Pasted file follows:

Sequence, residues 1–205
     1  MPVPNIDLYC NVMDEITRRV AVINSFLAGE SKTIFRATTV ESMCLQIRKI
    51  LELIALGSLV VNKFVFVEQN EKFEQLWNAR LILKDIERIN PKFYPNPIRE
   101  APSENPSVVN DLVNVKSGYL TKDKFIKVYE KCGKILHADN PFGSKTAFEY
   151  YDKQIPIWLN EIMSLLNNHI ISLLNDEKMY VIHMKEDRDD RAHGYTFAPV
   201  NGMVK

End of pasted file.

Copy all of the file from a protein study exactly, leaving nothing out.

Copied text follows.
Sequence, residues 1–205
     1  MPVPNIDLYC NVMDEITRRV AVINSFLAGE SKTIFRATTV ESMCLQIRKI
    51  LELIALGSLV VNKFVFVEQN EKFEQLWNAR LILKDIERIN PKFYPNPIRE
   101  APSENPSVVN DLVNVKSGYL TKDKFIKVYE KCGKILHADN PFGSKTAFEY
   151  YDKQIPIWLN EIMSLLNNHI ISLLNDEKMY VIHMKEDRDD RAHGYTFAPV
   201  NGMVK